"The efforts . . . have been held hostage by the stem cell threat," he said.

The leader of the opposition is Bartle, 40, a lawyer serving his third term in the Senate. Not only is the process of producing embryonic stem cells unethical, he says, but it will be proved unnecessary by the progress of research itself -- a notion dismissed by expert scientists. As Bartle sees it, what Missouri scientists want to do is create embryos for science and clone humans.

Noting how the issue has split the Missouri GOP, he criticizes business-minded Republicans.

"You have 'fiscal Republicans' who see this differently from the social conservatives," Bartle said. "You have a gleeful media and gleeful Democrats who have found a wedge issue and are trying to exploit it. Here we are, sitting in the conservative Midwest, and I can't get this through the legislature. It's an intriguing, baffling political situation."

Enough Republicans have joined Democrats to prevent Bartle from passing legislation, but he said he is not giving up. There is sufficient persistence on Bartle's side to create a standoff that has confounded the science community. The specific issue is a stem cell technology called somatic cell nuclear transfer (SCNT).

Stem cells can become any type of cell in the human body. Early or embryonic stem cells are considered by much of the scientific establishment to have the greatest potential, but much research remains to be done. In SCNT, the nucleus of an unfertilized egg is replaced with the nucleus of an ordinary body cell that contains a full set of genetic information. Within days, this develops into a human embryo -- or at least something akin to an embryo -- within which is nestled a cluster of stem cells.

Bush unequivocally opposes the procedure, telling Science magazine last year that "anything short of a comprehensive ban would permit human embryos to be created, developed and destroyed solely for research purposes." Some critics consider the procedure, which produced the cloned sheep Dolly, to be tantamount to human cloning. Scientists counter that the cells should not be considered an embryo because they are not implanted in a woman's uterus and, further, that no institution contemplates cloning a person. A number of scientists and activists favor the research along with a ban on creating a cloned human.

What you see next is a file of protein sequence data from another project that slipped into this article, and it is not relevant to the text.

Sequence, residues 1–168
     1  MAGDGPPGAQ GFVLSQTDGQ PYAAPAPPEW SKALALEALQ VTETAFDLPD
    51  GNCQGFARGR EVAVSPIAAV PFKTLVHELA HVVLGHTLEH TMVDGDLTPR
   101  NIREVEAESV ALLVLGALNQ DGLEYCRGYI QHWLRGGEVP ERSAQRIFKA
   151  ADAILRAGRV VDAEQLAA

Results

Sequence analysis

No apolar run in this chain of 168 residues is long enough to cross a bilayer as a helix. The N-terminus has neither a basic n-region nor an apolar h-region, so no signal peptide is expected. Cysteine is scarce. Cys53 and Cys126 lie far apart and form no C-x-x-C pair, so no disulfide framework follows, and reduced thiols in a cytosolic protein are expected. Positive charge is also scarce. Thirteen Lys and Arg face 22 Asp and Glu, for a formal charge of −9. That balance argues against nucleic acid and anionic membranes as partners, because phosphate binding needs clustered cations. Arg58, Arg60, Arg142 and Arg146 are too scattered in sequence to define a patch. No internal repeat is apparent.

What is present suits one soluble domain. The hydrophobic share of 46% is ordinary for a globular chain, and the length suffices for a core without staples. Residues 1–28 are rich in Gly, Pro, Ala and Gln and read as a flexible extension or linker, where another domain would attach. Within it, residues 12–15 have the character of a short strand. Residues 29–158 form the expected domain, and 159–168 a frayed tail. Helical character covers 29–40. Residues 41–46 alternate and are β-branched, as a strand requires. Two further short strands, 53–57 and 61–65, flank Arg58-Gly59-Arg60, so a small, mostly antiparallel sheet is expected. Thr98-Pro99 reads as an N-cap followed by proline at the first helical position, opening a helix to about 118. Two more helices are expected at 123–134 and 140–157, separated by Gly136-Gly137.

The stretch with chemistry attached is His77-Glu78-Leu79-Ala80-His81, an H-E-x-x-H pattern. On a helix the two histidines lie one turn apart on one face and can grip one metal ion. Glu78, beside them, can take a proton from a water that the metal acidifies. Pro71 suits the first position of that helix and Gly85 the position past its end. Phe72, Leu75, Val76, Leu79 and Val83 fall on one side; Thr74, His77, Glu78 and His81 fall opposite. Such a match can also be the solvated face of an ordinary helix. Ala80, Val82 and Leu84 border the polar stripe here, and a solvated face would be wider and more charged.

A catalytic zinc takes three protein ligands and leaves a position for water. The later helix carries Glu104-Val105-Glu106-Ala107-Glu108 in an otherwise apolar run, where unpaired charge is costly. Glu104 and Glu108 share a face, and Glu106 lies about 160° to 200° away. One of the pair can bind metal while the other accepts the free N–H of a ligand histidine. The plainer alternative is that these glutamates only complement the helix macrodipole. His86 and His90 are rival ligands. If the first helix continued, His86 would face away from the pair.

That is not good enough for the Missouri opposition.

"We oppose embryonic stem cell research because it destroys the embryo," said Fichter of Missouri Right to Life. "They're trying to define human life by its geography. It doesn't make any difference if it's in a petri dish, implanted in the womb or in a nursery. A human life is a human life. Are we going to say a 4-year-old is more human than a 2-year-old?"

Missouri's antiabortion lobby likes to point out that 128 of the 162 House members and 28 of 34 senators oppose abortion. Yet in the last legislative session, the centerpiece bill to strengthen limits on abortion did not pass because SCNT opponents linked it to the stem cell debate and were derailed by Republicans. Blunt, elected in November with considerable conservative support, drew fire from the Republican right for backing SCNT.

The Stowers Institute and Washington University in St. Louis joined forces, pitching the potential benefits and saying that the anti-research forces do not have a monopoly on morality. They hired Fred Steeper, a leading Republican pollster, who said two in three residents in a poll of 600 adults supported SCNT even after being told the opponents' objections. The edge was stronger among Democrats and independents than among Republicans, who favored SCNT 52 to 44 percent.

"We want to have the benefits of science and see that the research is conducted responsibly, in a way that doesn't disrespect human life," said Myra J. Christopher, president of the Center for Practical Bioethics.

Business interests have played an important role in the Missouri debate -- critics accused Blunt of siding with Wall Street instead of Main Street -- and in Kansas, where the legislature last year allocated as much as $500 million over the next 10 years for research universities and bioscience business development.

Supporters say that legislative impediments to stem cell research could lead to a decline in research and medical care, with money and talented staff flowing to states with a different approach. Stowers President William B. Neaves said the institute would be working with early stem cells if it were not for Bartle's attempt to make the research a crime. He said two talented researchers are unwilling to move to Kansas City until the matter has been clarified.

Rubin, chairman of an organization lobbying for the research, said: "There's a huge economic stake. If a ban on research were to pass, it would send an anti-science signal that would cut off at the knees the efforts we've put in place to attract this industry."